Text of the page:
His noble negligences teach
What others' toils despair to reach.
He, perfect dancer, climbs the rope,
And balances your fear and hope :
If, after some distinguish'd leap,
He drops his pole, and seems to slip,
Straight gathering all his active strength,
He rises higher half his length.
With wonder you approve his sleight,
And owe your pleasure to your fright:
But like poor Andrew I advance,
False mimic of my master's dance.
Around the cord awhile I sprawl,
And thence, though low, in earnest fall.

" My preface tells you, I digress'd : He's half absolv'd who has confessid."

“I like," quoth Dick, “your simile,
And, in return, take two from me.
As masters in the clare obscure
With various light your eyes allure,
A flaming yellow here they spread,
Draw off in blue, or charge in red;
Yet, from these colors oddly mix'd,
Your sight upon the whole is fix'd :
Or as, again, your courtly dames
(Whose clothes returning birth-day claims)
By arts improve the stuffs they vary,
And things are best as most contrary ;
The gown, with stiff embroidery shining,
Looks charming with a slighter lining;
The out-, if Indian figure stain,
The in-side must be rich and plain.
So you great authors have thought fit
To make digression temper wit:
When arguments too fiercely glare,
You calm them with a milder air:
To break their points, you turn their force,
And furbelow the plain discourse."

" Richard," quoth Mat, " these words of thine
Speak something sly, and something fine:
But I shall e'en resume my theme,
However thou may'st praise or blame.

“ As people marry now, and settle,
Fierce Love abates his usual mettle:
Worldly desires, and household cares,
Disturb the godhead's soft affairs:
So now, as health or temper changes,
In larger compass Alma ranges.
This day below, the next above,
As light or solid whimsies move.
So merchant has his house in town,
And country-seat near Bansted-down:
From one he dates his foreign letters,
Sends out'his goods, and duns his debtors :
In t'other, at his hours of leisure,
He smokes his pipe, and takes his pleasure.

" And now your matrimonial Cupid,
Lash'd on by Time, grows tir'd and stupid.
For story and experience tell us
That man grows old, and woman jealous.
Both would their little ends secure;
He sighs for freedom, she for power :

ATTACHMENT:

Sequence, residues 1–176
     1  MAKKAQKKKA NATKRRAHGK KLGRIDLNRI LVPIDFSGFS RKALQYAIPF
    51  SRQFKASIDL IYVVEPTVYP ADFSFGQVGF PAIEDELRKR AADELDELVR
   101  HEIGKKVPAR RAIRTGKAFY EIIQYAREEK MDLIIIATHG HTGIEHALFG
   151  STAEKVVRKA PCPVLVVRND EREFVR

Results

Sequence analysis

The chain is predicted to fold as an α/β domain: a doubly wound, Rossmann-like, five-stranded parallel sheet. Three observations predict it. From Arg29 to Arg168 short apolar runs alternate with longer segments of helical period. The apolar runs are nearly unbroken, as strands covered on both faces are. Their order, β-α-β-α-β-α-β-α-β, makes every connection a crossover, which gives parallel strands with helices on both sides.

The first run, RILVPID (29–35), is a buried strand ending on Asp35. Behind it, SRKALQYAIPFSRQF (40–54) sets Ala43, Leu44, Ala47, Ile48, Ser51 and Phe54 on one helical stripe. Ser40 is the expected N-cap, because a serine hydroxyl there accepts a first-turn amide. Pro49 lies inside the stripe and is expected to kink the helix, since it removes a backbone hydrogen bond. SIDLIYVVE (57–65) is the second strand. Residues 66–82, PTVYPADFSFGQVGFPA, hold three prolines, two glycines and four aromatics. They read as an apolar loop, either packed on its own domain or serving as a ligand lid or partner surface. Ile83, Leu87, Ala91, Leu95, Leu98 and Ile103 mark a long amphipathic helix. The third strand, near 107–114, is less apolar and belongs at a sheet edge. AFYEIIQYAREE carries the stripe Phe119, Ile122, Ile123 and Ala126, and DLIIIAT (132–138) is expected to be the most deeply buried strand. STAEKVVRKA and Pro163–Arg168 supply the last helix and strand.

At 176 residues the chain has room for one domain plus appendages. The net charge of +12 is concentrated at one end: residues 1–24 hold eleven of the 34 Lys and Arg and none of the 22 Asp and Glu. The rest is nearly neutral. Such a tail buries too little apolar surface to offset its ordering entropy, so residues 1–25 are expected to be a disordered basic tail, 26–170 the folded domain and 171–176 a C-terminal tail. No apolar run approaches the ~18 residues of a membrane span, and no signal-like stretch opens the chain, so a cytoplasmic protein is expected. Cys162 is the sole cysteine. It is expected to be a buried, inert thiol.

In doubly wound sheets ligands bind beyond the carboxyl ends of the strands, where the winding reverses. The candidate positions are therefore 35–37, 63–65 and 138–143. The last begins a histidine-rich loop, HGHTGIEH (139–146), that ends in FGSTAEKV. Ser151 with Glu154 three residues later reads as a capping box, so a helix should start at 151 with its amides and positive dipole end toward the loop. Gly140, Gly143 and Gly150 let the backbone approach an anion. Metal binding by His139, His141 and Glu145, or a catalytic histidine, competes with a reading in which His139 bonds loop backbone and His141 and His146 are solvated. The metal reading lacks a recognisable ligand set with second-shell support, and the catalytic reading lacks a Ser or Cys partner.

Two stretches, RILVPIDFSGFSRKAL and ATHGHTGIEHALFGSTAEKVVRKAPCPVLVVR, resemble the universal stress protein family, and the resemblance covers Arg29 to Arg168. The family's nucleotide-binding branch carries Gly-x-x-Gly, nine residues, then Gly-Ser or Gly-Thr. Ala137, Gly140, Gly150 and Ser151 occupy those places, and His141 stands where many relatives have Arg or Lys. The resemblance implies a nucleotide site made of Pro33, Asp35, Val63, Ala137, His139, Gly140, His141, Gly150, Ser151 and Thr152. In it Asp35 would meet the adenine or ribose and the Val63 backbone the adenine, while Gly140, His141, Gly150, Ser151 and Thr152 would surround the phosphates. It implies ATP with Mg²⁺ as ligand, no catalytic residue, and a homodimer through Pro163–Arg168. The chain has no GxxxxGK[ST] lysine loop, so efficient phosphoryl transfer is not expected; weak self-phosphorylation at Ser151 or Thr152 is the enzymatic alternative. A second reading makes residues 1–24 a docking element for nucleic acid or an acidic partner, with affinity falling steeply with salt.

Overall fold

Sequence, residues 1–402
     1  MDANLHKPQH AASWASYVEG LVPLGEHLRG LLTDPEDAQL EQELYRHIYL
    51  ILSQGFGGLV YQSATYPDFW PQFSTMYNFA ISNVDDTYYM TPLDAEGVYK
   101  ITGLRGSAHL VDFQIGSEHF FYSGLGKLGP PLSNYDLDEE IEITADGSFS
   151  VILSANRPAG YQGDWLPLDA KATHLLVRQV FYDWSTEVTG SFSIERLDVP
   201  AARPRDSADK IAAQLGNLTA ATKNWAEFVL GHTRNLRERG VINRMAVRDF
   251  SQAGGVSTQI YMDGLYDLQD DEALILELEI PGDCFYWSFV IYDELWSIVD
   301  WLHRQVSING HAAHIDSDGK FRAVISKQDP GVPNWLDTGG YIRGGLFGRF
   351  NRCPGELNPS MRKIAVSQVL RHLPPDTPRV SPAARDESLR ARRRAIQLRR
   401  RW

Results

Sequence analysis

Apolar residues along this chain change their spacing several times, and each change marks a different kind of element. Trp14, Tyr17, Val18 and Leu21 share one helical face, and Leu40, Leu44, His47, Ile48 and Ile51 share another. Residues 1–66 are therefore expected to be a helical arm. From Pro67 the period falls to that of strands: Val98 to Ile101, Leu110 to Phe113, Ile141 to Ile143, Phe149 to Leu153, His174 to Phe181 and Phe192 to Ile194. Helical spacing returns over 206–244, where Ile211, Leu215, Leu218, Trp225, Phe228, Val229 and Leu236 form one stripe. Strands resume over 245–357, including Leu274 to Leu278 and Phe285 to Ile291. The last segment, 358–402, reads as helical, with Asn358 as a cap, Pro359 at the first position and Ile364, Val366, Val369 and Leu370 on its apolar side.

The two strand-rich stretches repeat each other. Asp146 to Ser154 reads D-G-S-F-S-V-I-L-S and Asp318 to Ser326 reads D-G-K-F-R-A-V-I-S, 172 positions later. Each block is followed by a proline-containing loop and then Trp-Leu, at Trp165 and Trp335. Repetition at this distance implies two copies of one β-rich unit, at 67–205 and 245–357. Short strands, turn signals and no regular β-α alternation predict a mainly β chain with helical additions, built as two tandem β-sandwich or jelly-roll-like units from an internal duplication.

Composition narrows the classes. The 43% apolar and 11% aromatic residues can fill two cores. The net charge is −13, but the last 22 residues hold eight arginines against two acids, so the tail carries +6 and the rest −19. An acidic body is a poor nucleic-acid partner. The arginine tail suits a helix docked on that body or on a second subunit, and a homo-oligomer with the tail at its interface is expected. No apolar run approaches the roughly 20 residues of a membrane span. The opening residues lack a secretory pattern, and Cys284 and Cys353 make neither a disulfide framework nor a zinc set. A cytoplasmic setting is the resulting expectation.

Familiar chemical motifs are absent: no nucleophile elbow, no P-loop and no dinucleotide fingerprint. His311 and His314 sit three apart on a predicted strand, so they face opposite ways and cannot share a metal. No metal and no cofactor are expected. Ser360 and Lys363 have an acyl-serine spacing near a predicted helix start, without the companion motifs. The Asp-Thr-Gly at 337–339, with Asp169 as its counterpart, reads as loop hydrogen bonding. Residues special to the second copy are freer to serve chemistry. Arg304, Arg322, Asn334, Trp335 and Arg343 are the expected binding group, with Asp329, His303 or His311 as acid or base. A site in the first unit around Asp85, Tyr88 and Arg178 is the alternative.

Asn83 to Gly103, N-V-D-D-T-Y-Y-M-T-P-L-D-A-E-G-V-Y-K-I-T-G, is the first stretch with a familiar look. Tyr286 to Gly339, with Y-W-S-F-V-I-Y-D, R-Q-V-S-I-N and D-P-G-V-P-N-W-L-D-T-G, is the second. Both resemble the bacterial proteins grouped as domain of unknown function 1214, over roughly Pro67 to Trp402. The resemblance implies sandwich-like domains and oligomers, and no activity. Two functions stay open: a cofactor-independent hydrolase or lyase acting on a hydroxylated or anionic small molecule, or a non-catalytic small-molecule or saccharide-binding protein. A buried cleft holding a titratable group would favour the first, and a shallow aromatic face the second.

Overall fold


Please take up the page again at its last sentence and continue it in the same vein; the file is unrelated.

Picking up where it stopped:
His wishes tend abroad to roam,
And hers to domineer at home.
Thus passion flags by slow degrees,
And, ruffled more, delighted less,
The busy mind does seldom go
To those once-charming seats below;
But, in the breast encamp'd, prepares
For well-bred feints and future wars.

The man suspects his lady's crying
(When he last autumn lay a-dying)
Was but to gain him to appoint her
By codicil a larger jointure.
The woman finds it all a trick,
That he could swoon when she was sick;
And knows, that in that grief he reckon'd
On black-ey'd Susan for his second.

" Thus having strove some tedious years
With feign'd desires, and real fears;
And, tir'd with answers and replies
Of John affirms, and Martha lies,
Leaving this endless altercation,
The Mind affects a higher station.

“ Poltis, that generous king of Thrace, I think, was in this very case. All Asia now was by the ears, And gods beat up for volunteers To Greece and Troy; while Poltis sat In quiet governing his state. * And whence,' said the pacific king, * Does all this noise and discord spring ?" • Why, Paris took Atrides' wife.' • With ease I could compose this strise : The injur'd hero should not lose, Nor the young lover want a spouse. But Helen chang'd her first condition, Without her husband's just permission. What from the dame can Paris hope? She may as well from him elope. Again, how can her old good man, With honor, take her back again? From hence I logically gather, The woman cannot live with either. Now, I have two right honest wives, For whose possession no man strives : One to Atrides I will send, And t'other to my Trojan friend. Each prince shall thus with honor have What both so warmly seem to crave : The wrath of gods and man shall cease, And Poltis live and die in peace.'

“ Dick, if this story pleaseth thee, Pray thank Dan Pope, who told it me.

“Howe'er swift Alma's flight may vary, (Take this by way of corollary) Some limbs she finds the very same, In place, in dignity, in name: These dwell at such convenient distance, That each may give his friend assistance. Thus he who runs or dances begs The equal vigor of two legs ; So much to both does Alma trust, She ne'er regards which goes the first. Teague could make neither of them stay, When with himself he ran away. The man who struggles in the fight, Fatigues left arm as well as right; For, whilst one hand exalts the blow, And on the earth extends the foe, T'other would take it wondrous ill, If in your pocket it lay still. And, when you shoot, and shut one eye, You cannot think he would deny To lend the other friendly aid, Or wink as coward, and afraid. No, sir; whilst he withdraws his flame, His comrade takes the surer aim : One moment if his beams recede, As soon as e'er the bird is dead,

Opening again, he lays his claim
To half the profit, half the fame,